Very High

Medium to High

Average, tree usually small

Very Good

Video: How to plant bare root fruit trees

 ~ Phil Williams

Phil Williams is a permaculture consultant and designer and creator of the website foodproduction101.com.  His website provides useful, timely information for the experienced or beginning gardener, landscaper, or permaculturalist. Phil's personal goas are to build soil, restore and regenerate degraded landscapes, grow and raise an abundance of healthy food of great variety, design and install resilient permaculture gardens in the most efficient manner possible, and teach others along the way.

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5 Comments

Tall's picture
Tall
Status: Platinum Member (Offline)
Joined: Feb 18 2010
Posts: 564
Two things to add

Never just sit your bare root trees out on top of the ground in the air like that. Air and desiccation will kill the fine roots. Keep them moist and out of sunlight until they are planted.

Water heavily at planting and 1 day later. The soil should be saturated to the point where puddles form. This water will tend to force air out of the planting hole so that no air pockets remain that discourage root growth.

Otherwise, great video!  Thanks.

Grover's picture
Grover
Status: Platinum Member (Offline)
Joined: Feb 16 2011
Posts: 800
Two More Things
Phil Williams wrote:

7. Immediately prune tree.

Apple, Plum, and Pear Trees:

If it is an unbranched tree, take it down to approximately 25%.

Phil, This tells me that the tree height should be reduced by 75% to get down to 25%?  In the video, you say that the height should be reduced by 25%. Some trees have the desirable fruit production part grafted onto another variety's stem, which is grafted onto another variety's rootstock. If you get a "5 in 1" dwarf tree (with 5 separate types of fruit on the same dwarf tree,) you'll be getting this combination. Pruning below the top graft will result in you being very unsatisfied. You may only get fruit from the stem stock variety. It may take many years to find out about this mistake. If the grafts aren't obvious, ask someone knowledgeable first.

 

If you have very clayey soil, caliche, or other hardpan, make sure your hole wall isn't smooth. Some people rent an auger and drill a perfect hole. I've seen tree roots hit these smooth walls and start whirling. The roots never do penetrate into the adjacent soil. The trees end up root bound (looks similar to Ted Koppel's hairdo) and don't live up to their potential. The cure is to take a spade or hoe and "roughen" the walls. Even a discontinuity (spade insertion) a few inches deep periodically along the wall will give the roots something to angle into.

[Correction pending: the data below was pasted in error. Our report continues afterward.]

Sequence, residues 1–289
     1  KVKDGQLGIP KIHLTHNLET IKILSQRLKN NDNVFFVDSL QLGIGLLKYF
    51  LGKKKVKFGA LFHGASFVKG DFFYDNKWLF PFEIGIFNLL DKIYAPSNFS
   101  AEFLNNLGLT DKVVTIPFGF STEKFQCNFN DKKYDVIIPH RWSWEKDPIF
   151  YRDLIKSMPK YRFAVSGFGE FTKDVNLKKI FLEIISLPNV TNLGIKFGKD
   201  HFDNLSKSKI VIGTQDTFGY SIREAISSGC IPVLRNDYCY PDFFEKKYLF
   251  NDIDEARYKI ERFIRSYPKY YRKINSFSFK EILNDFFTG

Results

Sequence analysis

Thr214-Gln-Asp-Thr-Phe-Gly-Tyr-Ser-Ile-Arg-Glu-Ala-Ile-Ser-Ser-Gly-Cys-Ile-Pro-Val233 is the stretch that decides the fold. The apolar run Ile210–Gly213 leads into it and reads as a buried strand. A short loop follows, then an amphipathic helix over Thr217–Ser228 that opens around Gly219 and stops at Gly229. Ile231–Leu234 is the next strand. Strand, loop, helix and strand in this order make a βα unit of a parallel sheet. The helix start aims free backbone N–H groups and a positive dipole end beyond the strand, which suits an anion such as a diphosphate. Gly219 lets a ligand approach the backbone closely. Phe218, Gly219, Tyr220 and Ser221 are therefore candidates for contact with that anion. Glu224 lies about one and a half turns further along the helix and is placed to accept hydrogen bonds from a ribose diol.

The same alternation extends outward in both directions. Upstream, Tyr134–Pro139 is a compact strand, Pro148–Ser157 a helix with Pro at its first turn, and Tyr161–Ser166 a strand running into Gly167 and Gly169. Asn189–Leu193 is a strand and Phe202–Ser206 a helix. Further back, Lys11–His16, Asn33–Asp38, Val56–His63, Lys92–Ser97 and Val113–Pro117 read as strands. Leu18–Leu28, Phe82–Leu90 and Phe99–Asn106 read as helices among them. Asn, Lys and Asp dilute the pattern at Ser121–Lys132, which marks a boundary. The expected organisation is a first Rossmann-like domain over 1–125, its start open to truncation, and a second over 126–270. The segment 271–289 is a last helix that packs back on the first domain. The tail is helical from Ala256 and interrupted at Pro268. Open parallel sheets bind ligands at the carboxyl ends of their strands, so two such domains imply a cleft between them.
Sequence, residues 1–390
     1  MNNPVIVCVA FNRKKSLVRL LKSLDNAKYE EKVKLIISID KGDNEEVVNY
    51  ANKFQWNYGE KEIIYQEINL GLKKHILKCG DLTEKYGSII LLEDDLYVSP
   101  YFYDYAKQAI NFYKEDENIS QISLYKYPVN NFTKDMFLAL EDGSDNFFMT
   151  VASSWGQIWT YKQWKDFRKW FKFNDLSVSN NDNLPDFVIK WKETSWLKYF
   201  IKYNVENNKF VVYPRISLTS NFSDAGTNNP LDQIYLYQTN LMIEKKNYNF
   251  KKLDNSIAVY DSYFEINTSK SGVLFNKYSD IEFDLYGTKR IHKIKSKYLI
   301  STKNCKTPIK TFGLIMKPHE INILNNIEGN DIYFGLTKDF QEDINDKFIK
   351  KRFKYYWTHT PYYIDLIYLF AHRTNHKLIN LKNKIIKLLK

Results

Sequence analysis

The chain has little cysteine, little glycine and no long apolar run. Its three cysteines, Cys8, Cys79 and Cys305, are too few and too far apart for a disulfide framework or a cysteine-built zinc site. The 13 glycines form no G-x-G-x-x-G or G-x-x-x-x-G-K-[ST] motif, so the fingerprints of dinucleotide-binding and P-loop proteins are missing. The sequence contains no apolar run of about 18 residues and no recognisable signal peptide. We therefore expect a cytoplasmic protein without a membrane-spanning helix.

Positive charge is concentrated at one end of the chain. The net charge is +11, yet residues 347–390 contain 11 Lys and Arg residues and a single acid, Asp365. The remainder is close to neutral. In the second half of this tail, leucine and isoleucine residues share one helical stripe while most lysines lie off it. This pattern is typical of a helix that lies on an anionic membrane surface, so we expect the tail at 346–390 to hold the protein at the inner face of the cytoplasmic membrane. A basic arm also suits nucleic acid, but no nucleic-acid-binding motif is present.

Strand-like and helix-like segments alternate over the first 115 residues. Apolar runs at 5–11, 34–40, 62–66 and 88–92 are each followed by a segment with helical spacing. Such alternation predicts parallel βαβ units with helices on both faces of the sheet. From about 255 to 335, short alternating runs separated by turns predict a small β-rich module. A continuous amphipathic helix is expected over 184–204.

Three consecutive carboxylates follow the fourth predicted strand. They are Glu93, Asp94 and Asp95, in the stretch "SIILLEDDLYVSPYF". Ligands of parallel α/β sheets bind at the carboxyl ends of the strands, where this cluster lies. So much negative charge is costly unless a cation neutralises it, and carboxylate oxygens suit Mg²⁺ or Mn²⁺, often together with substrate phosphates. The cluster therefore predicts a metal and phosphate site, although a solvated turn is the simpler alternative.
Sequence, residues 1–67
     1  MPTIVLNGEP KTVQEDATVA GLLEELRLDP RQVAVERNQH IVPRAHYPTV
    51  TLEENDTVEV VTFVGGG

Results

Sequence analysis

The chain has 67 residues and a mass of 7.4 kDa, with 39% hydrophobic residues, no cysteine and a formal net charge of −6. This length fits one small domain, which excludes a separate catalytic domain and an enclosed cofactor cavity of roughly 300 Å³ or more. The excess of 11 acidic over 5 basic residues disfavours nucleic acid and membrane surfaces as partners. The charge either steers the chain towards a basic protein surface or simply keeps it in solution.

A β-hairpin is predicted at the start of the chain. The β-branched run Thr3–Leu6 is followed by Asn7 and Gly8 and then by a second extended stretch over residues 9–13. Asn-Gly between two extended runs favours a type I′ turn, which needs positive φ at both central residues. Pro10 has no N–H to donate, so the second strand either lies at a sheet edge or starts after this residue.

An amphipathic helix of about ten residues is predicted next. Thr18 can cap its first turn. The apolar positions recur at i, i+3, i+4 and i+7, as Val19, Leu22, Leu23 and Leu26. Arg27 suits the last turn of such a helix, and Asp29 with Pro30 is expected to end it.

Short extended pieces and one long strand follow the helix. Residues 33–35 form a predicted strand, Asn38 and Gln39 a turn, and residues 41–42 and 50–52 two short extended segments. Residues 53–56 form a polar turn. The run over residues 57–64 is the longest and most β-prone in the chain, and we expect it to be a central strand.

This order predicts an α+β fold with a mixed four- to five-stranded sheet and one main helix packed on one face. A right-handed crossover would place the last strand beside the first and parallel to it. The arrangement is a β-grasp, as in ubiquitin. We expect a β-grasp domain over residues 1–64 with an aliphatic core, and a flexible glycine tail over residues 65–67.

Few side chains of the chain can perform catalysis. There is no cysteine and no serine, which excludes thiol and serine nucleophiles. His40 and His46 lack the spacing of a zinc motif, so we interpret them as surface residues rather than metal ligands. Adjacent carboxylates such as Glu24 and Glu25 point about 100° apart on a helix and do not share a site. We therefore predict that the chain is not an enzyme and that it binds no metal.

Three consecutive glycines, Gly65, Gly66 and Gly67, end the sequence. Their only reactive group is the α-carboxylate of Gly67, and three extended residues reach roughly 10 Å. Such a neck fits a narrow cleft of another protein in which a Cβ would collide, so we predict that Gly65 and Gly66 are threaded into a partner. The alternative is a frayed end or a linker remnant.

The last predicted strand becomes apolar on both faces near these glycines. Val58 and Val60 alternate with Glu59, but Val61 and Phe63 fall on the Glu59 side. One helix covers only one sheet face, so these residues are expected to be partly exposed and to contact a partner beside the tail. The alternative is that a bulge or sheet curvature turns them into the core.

Good post, Phil.

Grover

Phil Williams's picture
Phil Williams
Status: Gold Member (Offline)
Joined: Oct 14 2009
Posts: 337
Typo

Grover,

Good catch, that is a typo. Adam, could you remove the "to", so it says take it down approximately 25%.

Thanks

Phil

[Done. -- Adam]

 

Phil Williams's picture
Phil Williams
Status: Gold Member (Offline)
Joined: Oct 14 2009
Posts: 337
Tree Watering
Tall wrote:

Never just sit your bare root trees out on top of the ground in the air like that. Air and desiccation will kill the fine roots. Keep them moist and out of sunlight until they are planted.

Water heavily at planting and 1 day later. The soil should be saturated to the point where puddles form. This water will tend to force air out of the planting hole so that no air pockets remain that discourage root growth.

Otherwise, great video!  Thanks.

Tall,

I agree, I probably should have talked more about that. I was pulling those trees one by one from the garage as I prepped the holes, where they were in their original packaging and the roots were kept moist. They weren't sitting out long. I personally never lost a tree that way. Also, if I am planting a large volume of smaller bare root trees, I'll soak the roots in a tub of water and pull from the tub as I'm going to save time. I planted over 500 of these trees this way over the past few years, with very good results.

Phil 

 

jameshardy's picture
jameshardy
Status: Member (Offline)
Joined: Jun 21 2014
Posts: 1
Plantation

Plantation is one of the most essential practices that bring advantage for human being as well as environment. Here in this above article we have found how to plant bare root fruit tree; these plants are basically cheapest as compare to other plants. Therefore we used to plant bare root trees and I hope from here we can learn basic instruction about how to plant bare root tree.

Organic plant fertilizer